City has enough on its hands without a constitutional crisis

South China Morning Post 發布於 2019年11月20日16:11 • SCMP Editorial
  • Beijing’s response to court ruling overturning the ban on masks at protests has raised concern, but this is a time for calm and for the judicial process to follow its natural course
The Court of First Instance declared the mask ban, imposed by the chief executive under an emergency law in October, to be unconstitutional. Photo: Winson Wong

The central government's response to a court ruling on the banning of masks at protests has raised concerns in Hong Kong. There is a need for calm and for matters to be clarified while the judicial process follows its natural course. The Court of First Instance declared the ban, imposed by the chief executive under an emergency law in October, to be unconstitutional. The two judges agreed the prohibition on face coverings breached the city's de facto constitution, the Basic Law. The decision struck a blow to the government, which is struggling to curb violence and civil unrest spanning more than five months.

In response to the judgment, a spokesman for China's top legislative affairs body said the ruling did not comply with aspects of the Basic Law. He added that only the national legislature could decide whether Hong Kong laws were consistent with the Basic Law.

Beijing's view on mask law ruling 'could spell end of one country, two systems'

His comments have raised concerns that Beijing might deny the city's courts the power to invalidate laws that conflict with the Basic Law. This is an important power that enables the courts to ensure the government and legislature act lawfully. Without it, the courts would not be able to intervene should oppressive laws be passed that unduly restrict rights and freedoms protected by the Basic Law.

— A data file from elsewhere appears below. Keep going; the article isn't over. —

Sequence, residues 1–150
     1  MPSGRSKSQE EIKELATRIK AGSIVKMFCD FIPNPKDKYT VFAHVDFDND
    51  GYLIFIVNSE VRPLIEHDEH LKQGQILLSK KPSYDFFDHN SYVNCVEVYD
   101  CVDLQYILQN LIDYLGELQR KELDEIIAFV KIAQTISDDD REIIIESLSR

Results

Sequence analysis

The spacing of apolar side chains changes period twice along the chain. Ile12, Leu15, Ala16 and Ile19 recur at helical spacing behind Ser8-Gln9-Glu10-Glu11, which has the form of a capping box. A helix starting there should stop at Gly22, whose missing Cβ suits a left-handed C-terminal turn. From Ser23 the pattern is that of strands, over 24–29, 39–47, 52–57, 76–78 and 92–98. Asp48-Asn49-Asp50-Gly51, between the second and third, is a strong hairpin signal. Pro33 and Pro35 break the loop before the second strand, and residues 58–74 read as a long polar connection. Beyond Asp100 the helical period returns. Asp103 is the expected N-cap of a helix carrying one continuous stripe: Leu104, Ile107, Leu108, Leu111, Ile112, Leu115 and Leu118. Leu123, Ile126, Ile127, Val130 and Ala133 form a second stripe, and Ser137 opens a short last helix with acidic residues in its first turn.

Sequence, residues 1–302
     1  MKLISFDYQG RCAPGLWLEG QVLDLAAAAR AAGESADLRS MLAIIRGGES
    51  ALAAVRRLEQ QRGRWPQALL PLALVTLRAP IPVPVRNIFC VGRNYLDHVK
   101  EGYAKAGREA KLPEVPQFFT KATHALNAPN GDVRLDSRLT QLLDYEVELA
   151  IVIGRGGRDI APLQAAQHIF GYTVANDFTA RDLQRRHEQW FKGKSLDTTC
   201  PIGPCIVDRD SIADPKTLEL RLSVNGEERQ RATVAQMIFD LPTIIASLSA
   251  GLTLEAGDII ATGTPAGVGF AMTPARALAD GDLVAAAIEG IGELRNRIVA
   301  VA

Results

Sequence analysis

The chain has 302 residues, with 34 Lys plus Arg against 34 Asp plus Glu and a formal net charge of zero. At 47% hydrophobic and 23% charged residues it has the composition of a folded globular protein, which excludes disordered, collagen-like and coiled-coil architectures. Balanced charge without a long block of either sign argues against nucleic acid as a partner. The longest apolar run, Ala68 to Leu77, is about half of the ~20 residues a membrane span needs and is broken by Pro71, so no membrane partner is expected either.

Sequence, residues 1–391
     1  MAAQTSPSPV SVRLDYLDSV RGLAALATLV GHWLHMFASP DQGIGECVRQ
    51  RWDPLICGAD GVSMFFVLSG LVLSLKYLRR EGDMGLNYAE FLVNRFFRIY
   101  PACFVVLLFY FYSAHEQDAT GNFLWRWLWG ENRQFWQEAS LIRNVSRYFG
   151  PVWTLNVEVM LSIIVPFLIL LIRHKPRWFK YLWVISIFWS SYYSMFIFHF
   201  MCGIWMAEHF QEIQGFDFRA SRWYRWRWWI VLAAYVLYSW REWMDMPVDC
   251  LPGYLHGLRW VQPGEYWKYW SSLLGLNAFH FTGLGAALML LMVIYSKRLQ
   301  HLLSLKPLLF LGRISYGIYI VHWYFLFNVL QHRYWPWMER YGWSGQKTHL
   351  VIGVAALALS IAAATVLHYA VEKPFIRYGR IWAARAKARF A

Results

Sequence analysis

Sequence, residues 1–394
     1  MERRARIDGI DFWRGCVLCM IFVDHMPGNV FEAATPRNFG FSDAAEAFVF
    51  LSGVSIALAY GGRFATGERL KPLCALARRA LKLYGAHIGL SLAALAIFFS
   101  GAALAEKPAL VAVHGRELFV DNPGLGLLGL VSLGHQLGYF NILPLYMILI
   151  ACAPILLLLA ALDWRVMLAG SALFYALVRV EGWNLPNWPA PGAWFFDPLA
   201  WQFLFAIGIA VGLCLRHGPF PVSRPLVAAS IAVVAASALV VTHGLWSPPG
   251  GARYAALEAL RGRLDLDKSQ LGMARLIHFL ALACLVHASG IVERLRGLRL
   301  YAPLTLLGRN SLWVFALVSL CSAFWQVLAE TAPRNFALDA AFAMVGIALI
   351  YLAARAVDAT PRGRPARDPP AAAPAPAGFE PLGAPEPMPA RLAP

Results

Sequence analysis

But the comments of the spokesman are open to different interpretations and it is far from clear that the central government intends to take any further action. Some have suggested the remarks were just a restatement of Beijing's long-held position. There have also been suggestions the central government might use its ultimate power to interpret the Basic Law to overturn the court's ruling. But there is no indication such a move is planned. There is, however, a need for the matter to be clarified. Hong Kong needs certainty and consistency in these challenging times. Beijing should be aware that statements of this kind, without explanation, give rise to doubts, worries and general confusion.

The city government can challenge the ruling by way of an appeal. If the case goes to the Court of Final Appeal, it will be for that court to decide whether a reference should be made to the National People's Congress Standing Committee for an interpretation of the Basic Law. The judicial process should be allowed to take its course.

As the court made clear in its ruling, judges have a responsibility to apply the law without being influenced by political considerations. It is vital that the city's judges continue to rule independently and are not swayed by pressure from any quarter. Their ability to do so lies at the heart of Hong Kong's separate legal system and rule of law. The mask ban has proved to be ineffective. As the court said, it does not appear to have achieved its aims. Hong Kong has urgent problems to tackle. A constitutional crisis over the mask ban must be avoided.

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